Now that training camp is underway in the National Football League, roster battles, as well as intra-team rumors, are bound to be aplenty. Unsurprisingly, the New York Jets will be amongst the clubs to most frequently make the headlines. With the calendar turning to August, there is a little more than a month remaining for the 32 teams to narrow their rosters down to 53 men. For the Jets, this is set to be quite the task.
Last year, New York suffered one of the most disappointing campaigns in franchise history. The Jets started the 2020 NFL season with thirteen losses on the spin. Eventually, the team finished with a 2-14 record, better only compared to the 1996 New York Jets. This set 1 Jets Drive on fire, showing that the club was more than one or two pieces away from competing. Their unpleasant position in the AFC East, which seems to gather more strong teams by the year, has not helped them either.
The Jets’ offseason work started earlier for the usual NFL standards but not for NY itself. In January, the team hired its 20th head coach, former 49ers defensive coordinator Robert Saleh. Moreover, the offensive coordinator job saw Dowell Loggains get replaced by Mike LeFleur, who had worked and came to the team with Saleh.
The transaction season that followed was not perfect by any means. However, general manager Joe Douglas addressed most of the team’s shortcomings both on the free-agent market and in the 2021 NFL Draft. Players like Corey Davis, Morgan Moses, and Alijah Vera-Tucker were a seemingly adequate response to the Jets’ weakest posts across the 2020 campaign. Furthermore, first-round pick Zach Wilson took the “franchise quarterback hopeful” title away from Sam Darnold in a polarizing move.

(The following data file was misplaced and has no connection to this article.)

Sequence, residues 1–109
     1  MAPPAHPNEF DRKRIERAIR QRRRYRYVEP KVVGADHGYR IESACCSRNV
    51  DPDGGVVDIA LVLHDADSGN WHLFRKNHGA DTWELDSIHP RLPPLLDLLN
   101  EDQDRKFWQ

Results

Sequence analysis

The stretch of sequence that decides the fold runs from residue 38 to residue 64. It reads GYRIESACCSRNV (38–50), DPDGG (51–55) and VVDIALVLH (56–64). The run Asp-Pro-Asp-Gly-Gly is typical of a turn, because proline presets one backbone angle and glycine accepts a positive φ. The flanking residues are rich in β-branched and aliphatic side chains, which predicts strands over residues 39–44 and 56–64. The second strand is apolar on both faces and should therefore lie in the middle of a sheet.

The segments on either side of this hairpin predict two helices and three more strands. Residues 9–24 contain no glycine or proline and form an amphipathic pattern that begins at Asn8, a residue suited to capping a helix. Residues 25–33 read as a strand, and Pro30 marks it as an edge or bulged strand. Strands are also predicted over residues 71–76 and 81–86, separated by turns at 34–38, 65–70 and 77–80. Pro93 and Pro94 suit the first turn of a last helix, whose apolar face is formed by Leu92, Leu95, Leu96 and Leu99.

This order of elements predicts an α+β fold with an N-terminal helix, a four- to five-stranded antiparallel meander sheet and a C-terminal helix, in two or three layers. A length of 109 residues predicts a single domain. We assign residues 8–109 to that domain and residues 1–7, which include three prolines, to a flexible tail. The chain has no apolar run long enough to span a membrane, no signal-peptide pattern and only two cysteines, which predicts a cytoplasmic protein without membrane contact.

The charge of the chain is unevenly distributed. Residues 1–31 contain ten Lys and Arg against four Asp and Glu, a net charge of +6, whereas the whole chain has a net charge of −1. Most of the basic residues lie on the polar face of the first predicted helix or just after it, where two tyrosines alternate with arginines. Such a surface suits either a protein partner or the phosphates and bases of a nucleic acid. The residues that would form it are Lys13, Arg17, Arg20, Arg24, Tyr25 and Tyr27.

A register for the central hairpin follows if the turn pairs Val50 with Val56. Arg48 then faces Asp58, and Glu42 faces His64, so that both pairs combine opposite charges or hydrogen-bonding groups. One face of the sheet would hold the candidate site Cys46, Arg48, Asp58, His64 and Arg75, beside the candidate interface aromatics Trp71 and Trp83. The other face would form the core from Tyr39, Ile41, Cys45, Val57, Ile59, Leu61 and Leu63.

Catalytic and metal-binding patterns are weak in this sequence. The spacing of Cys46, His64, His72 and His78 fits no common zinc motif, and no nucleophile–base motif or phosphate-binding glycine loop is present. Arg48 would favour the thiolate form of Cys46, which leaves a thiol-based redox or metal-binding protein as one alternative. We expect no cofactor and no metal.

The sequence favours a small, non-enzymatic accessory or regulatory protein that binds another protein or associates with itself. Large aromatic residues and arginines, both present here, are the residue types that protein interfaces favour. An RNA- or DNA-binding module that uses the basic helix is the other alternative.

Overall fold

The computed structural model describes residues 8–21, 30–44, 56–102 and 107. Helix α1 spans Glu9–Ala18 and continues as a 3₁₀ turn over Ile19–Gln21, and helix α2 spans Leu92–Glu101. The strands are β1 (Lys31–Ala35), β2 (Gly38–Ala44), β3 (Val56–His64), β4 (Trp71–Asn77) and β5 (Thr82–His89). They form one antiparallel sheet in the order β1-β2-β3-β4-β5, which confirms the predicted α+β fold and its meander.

After a busy offseason, the most difficult part seems to have passed. Yet, the Jets will have to make numerous tough choices as regards who will stay employed come September 12th, when NY opens the season against Carolina. Even more importantly, there is still more than one starting job-seeking outcome. Here are the roster-related questions the New York Jets will have to find the answers to during training camp.
The Outlook of the Running Faction
It might have remained in the air raid’s shadow when it comes to mediocrity. Despite that, the Jets’ running game experienced an absolute nightmare in 2020.
New York’s ground-game unit entered its latest campaign with high hopes. Yet worse – those translated into high expectations. The pressure on Le’Veon Bell to bounce back from a weak debut year in East Rutherford was enormous. As a result, many considered the Jets’ stable reliable, not only for the offense but also in comparison to most others around the league. Needless to say, they could not have been more wrong.
During the 2020 NFL season, New York produced an average of 4.1 yards per attempt on the ground. That was the sixth-worst mark in the entire National Football League. However, to put all the blame on Bell would be misleading. The former Pittsburgh Steeler was in charge of the group for just two games before his injury and subsequent release from the team. Over 19 carries across NY’s losses to Buffalo and San Francisco, Le’Veon only turned in 3.9 yards per rush.